If you knew a place haunted by supernatural terror, you'd probably give it a scary name. Think of some of the well-known scary New England place names: Purgatory Chasm, Dungeon Rock or Misery Island. You'd want a demonic ghost-haunted locale to have a name like that, wouldn't you?.
Unless, of course, you were from Medway, Massachusetts. The townspeople there knew a place where Satan would gather with his witches, but they gave it a very unscary name: Dinglehole. It sounds like an insult from a second grader!
Dinglehole, which was a large swampy depression filled with fetid water of an unknown depth, was feared for three reasons:
1. A ghostly bell could be heard ringing on dark nights and misty evenings. Locals called it the "spirit bell", and the dingling of the bell gave the hole its name. (I guess the word "dingle" has gone out of fashion. Contemporary people would probably name it Jinglehole, which doesn't sound much better.)
2. A headless ghost haunted Dinglehole, and would lead unwary travelers astray with strange glowing lights. Locals claimed saying a prayer would banish the ghost, his lights and the bell, but only temporarily.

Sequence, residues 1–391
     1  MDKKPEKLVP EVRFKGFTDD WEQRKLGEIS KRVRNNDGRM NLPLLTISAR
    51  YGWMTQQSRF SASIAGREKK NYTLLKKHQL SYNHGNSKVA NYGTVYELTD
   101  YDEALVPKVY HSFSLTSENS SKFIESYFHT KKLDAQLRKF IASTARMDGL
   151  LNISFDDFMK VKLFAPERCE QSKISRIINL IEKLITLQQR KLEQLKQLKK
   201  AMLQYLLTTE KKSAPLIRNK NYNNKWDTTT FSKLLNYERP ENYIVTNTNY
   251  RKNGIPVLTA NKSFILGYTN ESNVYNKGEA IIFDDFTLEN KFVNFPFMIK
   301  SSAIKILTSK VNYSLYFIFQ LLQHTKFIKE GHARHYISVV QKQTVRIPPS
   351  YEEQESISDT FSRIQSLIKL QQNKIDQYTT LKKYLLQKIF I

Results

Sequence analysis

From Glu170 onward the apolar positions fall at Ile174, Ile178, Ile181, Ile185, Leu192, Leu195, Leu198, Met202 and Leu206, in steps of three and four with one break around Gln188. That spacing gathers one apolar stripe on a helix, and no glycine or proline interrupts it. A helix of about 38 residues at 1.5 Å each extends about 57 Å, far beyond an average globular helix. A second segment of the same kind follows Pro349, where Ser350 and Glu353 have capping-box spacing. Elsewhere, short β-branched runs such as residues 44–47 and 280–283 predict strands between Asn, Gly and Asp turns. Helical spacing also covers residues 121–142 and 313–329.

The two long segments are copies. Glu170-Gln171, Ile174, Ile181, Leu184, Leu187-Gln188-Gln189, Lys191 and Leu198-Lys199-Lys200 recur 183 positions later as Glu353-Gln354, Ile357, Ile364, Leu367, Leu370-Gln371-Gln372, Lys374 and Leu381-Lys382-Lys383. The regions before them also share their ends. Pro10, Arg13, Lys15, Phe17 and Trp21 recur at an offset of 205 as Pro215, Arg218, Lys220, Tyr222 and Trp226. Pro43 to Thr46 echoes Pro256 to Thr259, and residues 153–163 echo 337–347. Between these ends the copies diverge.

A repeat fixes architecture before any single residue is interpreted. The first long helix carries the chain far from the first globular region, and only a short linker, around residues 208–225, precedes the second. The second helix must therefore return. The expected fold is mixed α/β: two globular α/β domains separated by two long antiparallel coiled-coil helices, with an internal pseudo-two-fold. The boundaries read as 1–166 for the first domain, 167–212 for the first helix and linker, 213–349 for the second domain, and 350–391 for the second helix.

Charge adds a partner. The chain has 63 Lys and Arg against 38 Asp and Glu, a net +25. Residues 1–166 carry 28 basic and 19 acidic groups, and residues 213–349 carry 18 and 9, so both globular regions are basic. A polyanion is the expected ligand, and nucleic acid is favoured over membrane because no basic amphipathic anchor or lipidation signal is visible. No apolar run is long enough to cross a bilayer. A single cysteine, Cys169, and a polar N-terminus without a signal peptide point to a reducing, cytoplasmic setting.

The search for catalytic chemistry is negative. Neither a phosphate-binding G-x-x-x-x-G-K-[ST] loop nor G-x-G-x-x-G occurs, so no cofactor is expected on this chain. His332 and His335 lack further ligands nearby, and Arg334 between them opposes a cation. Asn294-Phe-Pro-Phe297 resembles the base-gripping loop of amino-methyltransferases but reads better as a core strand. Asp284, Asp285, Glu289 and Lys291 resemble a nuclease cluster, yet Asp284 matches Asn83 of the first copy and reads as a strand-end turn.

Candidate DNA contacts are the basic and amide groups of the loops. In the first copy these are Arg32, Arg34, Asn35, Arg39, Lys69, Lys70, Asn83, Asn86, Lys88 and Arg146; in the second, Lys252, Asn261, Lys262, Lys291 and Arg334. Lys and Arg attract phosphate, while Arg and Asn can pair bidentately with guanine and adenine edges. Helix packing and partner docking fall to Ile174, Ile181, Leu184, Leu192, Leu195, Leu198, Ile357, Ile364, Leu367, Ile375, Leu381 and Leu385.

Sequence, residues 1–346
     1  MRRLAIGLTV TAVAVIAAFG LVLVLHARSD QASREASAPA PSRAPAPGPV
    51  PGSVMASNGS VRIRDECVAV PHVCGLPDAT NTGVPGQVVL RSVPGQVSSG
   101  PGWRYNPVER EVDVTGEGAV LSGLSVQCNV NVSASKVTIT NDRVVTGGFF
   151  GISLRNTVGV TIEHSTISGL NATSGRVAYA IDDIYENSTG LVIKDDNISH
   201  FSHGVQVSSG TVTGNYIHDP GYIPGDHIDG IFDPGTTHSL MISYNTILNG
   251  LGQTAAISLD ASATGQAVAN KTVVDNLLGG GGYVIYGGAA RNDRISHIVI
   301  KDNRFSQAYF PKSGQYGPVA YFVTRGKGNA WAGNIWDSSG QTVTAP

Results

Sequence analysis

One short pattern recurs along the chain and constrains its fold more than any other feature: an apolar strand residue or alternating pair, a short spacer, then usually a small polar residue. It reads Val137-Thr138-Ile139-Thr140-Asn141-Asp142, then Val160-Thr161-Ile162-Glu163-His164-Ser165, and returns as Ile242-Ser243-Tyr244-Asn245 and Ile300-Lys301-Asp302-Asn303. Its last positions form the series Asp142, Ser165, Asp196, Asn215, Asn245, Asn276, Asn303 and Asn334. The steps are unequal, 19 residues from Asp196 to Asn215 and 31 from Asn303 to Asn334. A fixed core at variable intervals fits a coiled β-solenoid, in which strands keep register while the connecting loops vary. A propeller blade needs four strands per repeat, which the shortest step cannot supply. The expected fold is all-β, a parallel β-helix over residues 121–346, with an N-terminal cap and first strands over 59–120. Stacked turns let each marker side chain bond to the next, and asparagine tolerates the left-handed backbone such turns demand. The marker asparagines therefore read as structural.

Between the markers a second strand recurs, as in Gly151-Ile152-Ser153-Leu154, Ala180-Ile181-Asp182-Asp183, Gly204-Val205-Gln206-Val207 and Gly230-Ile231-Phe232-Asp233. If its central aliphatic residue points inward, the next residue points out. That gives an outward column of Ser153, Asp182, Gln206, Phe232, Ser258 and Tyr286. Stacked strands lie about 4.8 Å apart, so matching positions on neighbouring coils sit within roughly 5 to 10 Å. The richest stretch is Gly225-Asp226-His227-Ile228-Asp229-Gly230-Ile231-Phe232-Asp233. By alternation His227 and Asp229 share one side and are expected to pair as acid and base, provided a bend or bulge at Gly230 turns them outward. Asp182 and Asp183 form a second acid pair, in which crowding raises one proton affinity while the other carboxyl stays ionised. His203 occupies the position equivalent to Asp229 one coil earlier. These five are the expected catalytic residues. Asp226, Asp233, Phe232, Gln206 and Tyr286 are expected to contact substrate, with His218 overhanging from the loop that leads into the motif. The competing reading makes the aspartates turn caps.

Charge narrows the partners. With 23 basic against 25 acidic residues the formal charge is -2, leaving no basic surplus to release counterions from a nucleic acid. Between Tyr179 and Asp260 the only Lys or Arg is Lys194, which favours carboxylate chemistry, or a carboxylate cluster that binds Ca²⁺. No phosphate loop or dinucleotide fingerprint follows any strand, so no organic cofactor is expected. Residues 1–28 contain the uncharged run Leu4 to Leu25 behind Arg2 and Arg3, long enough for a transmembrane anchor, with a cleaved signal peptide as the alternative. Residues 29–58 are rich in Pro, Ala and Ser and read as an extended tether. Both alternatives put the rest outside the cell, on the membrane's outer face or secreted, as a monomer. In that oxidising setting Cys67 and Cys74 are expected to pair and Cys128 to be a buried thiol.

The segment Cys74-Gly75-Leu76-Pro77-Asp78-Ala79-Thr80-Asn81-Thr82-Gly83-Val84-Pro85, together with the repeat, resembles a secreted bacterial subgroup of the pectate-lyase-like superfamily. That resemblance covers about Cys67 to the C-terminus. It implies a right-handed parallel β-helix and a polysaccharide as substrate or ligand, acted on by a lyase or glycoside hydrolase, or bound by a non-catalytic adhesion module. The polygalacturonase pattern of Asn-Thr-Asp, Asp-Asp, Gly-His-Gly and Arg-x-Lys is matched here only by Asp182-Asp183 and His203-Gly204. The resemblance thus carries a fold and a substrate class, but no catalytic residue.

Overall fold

3. Even worse than a headless ghost, the Devil and his local witches met by night at Dinglehole near a large twisted pine tree. The witches came not in human form, but as weasels, raccoons and "other little odiferous animals."
A skeptic might say "Of course you'll find weasels and raccoons in the woods. How did people know they were witches?" Well, Mr. Smarty-Pants (to use another second grade insult), because they were invulnerable to normal weapons, as the following Dinglehole story illustrates.
One evening, a Medway hunter was making his way home when he noticed a large raccoon watching him from a tree. Unable to resist such an easy target, the hunter shot the raccoon and hit it squarely in the chest. Nothing happened to the raccoon. It sat there unharmed, but perhaps with a slight smirk on its face. The hunter fired several more shots, each time hitting the raccoon, which continued to ignore the bullets.
Finally, it dawned on the hunter that this was no ordinary animal. He plucked a branch from a nearby witch hazel shrub, a plant known for its magical powers, and fired it from his rifle like a small harpoon. It hit the raccoon, which vanished. Several days later, the hunter learned that Murky Mullen, a local woman suspected of witchcraft, had an unexplained injury on her face. Clearly, she (or her spirit) had been wandering the woods in the shape of a raccoon.
The accounts of the Dinglehole horrors come from Ephraim Orcutt Jameson and George James La Croix's The History of Medway, Mass. 1713-1885 (1886). Dinglehole is now located somewhere in Millis, though, which separated from Medway in the late 1800s. The Federal Writers' Project book Massachusetts: A Guide to Its Places and People (1937) claims Dinglehole is located somewhere north of Union Street, but has been filled in. Perhaps it should be renamed Dinglefield? Does that sound scarier?